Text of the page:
Fales grabbed the attention of the football world to close the collegiate season with a jaw-dropping line against Fresno State, as CBS Sports' Bruce Feldman details:

    David Fales: 27-32, 451 yards, 6 TD passes. It's still the FIRST HALF! On @CBSSportsNet

    — Bruce Feldman (@BFeldmanCBS) November 29, 2013

    Fales then followed that up with a strong performance in the Senior Bowl, where he looked much better than big names such as Tajh Boyd and Derek Carr.

    The Cincinnati Bengals need a sound backup behind Andy Dalton, so it's better to grab one with huge upside here than to continue wasting time with Josh Johnson (especially now with Jay Gruden gone).

    While he will by no means take Dalton's job, Fales is a nice insurance policy should Dalton not work out in the final year of his deal. His presence by no means prohibits the Bengals from taking a quarterback in the 2015 draft, but his upside gives the team flexibility on how to address the most important position of all.

Round 5: De'Anthony Thomas, RB, Oregon

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    Big names such as Johnny Manziel get all the credit for being "polarizing" this year, but perhaps no prospect is a better example of the word than Oregon's De'Anthony Thomas.

    Simply put, no one can get a read on how the NFL feels about the versatile Thomas, who projects to be a running back of the Dexter McCluster mold in his ability to rush or split out wide and create mismatches against linebackers.

    Should Thomas not be valued highly by the NFL and take a tumble thanks to his inadequate size, the Cincinnati Bengals would be wise to scoop him up.

    Make no mistake: The Bengals offense is crowded. But versatility is the name of the game this late, and with returner Brandon Tate on his way to free agency, the Bengals could use an electric, cheaper replacement.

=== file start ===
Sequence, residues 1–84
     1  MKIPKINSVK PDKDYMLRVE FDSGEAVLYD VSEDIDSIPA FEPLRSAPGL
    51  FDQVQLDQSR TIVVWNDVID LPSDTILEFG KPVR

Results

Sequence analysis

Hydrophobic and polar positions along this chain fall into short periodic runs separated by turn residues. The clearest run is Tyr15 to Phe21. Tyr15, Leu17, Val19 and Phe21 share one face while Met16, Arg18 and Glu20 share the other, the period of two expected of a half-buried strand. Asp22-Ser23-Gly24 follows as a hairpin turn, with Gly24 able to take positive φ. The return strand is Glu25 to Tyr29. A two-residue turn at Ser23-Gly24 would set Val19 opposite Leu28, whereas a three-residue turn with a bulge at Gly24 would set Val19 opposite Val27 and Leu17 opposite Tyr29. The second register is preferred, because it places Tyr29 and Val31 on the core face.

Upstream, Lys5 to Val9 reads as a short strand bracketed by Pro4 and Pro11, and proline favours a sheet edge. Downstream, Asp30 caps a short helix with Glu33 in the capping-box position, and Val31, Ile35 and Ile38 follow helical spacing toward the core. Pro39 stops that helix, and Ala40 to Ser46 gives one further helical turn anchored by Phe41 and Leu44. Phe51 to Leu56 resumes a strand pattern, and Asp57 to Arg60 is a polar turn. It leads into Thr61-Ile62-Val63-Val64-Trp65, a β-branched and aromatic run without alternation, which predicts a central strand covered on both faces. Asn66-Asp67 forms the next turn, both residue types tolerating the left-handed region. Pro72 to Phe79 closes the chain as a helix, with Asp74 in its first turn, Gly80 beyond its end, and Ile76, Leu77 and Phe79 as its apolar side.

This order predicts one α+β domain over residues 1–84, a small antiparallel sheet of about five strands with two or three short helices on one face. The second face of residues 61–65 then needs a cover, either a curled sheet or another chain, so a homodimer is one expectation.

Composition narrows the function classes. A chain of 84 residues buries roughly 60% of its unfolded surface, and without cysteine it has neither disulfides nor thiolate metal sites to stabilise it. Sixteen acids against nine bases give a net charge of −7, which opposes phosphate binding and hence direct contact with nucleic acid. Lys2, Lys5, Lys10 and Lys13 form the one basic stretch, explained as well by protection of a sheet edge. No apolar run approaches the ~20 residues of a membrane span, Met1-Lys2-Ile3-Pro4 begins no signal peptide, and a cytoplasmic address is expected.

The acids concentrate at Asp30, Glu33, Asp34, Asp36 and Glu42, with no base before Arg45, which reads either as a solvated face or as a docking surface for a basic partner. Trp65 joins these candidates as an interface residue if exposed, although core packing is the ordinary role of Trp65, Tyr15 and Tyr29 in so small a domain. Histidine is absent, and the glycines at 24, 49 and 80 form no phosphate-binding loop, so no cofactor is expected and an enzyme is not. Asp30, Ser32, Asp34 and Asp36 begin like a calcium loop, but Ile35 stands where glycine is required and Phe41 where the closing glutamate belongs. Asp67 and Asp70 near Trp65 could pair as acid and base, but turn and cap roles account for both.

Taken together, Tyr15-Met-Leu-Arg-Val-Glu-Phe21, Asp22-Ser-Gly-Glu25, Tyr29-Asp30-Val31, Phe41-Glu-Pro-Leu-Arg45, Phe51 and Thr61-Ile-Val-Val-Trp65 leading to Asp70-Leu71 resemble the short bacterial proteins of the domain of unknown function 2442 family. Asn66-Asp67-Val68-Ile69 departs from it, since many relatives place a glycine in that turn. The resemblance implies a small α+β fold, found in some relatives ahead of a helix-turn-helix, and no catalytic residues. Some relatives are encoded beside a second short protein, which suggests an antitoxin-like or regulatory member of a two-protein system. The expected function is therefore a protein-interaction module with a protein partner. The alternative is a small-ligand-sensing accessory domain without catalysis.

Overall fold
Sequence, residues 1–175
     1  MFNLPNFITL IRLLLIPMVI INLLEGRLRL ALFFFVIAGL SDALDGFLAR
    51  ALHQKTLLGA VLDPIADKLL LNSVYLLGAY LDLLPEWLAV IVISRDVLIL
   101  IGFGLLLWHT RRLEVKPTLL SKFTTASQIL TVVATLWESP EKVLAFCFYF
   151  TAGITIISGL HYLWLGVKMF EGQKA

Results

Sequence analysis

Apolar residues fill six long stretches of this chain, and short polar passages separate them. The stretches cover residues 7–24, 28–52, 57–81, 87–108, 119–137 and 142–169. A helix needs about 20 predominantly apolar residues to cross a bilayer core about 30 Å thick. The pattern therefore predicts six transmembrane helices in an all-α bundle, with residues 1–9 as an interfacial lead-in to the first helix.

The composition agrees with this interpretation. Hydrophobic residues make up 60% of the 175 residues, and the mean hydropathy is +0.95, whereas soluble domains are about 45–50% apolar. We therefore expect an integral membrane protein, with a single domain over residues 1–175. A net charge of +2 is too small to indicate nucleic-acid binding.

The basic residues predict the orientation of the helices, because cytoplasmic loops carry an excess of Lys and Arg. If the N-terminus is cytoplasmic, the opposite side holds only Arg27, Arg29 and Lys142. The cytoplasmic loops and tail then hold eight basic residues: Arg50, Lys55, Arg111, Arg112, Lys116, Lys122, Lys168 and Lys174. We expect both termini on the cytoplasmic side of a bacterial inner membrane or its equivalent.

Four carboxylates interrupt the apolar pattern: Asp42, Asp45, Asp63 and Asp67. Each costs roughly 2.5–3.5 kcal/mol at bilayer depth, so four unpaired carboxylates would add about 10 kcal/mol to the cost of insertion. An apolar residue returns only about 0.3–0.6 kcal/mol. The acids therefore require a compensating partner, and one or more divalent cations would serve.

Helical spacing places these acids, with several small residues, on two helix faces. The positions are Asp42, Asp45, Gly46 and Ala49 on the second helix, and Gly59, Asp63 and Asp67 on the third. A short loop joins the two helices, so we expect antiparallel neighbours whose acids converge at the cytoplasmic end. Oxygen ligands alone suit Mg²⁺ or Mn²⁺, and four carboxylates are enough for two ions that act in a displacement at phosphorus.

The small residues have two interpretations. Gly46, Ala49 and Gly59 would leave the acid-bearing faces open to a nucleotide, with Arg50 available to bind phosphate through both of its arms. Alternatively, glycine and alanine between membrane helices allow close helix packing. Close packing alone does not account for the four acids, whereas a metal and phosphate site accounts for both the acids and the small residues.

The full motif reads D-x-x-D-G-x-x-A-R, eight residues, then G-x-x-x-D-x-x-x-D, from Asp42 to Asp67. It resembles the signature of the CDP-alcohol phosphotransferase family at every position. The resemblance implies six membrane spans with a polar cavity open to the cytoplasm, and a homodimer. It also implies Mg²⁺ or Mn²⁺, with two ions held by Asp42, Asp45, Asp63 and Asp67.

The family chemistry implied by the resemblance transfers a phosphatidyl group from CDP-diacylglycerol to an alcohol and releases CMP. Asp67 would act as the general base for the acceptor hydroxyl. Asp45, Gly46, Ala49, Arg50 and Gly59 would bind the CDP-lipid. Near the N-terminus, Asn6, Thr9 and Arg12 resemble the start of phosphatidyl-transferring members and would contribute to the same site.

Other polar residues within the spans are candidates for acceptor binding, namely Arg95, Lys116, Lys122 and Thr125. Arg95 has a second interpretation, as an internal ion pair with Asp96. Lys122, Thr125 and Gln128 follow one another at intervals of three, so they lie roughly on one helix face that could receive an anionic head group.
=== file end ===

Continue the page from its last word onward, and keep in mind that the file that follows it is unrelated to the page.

Thomas can take over after Tate's departure and perhaps be one of the NFL's better returners. In a few years, if and when more talent leaves the roster (Perhaps Andrew Hawkins leaves soon?), Thomas will have learned the offense by then and will be able to step right in as a contributor.

Round 6: Antone Exum, DB, Virginia Tech

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    The annual joke in Cincinnati as of late is when veteran safety Chris Crocker will make his return to the Bengals via free agency.

    That has to end, and a good way to do so is by grabbing a versatile defensive back like Antone Exum, who can double as a safety or a corner when asked.

    While George Iloka looked solid last year after a few early season gaffes, the Bengals in recent years have consistently hit the middle of the season or a bit after and found themselves in a precarious injury situation at the back end of the defense.

    Exum is a player who can help to mitigate these issues and provide some depth. His versatility, the key with these picks, makes the annual "sign Chris Crocker" event a thing of the past.

Round 7: Denicos Allen, LB/SS, Michigan State

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    Al Goldis/Associated Press

    The Cincinnati Bengals love their versatile defensive backs, and as they showed last year with Taylor Mays, they like a safety who can play back in coverage or come in as a linebacker in certain situations to stop the run. 

    Well, Mays is headed to free agency, and Denicos Allen will be available in the late parts of the draft.

    Allen looks more like a safety than a strong side linebacker considering he stands at 5'11", so he can fill this vacant hybrid role well in the near future.

    Linebacker is far from a need in Cincinnati with the likes of Emmanuel Lamur and Sean Porter set to return, as well as strong backups like J.K. Schaffer and Vincent Rey still around, but Allen is a developmental prospect who can fill multiple roles.

    That is all a team can really ask for in the late rounds.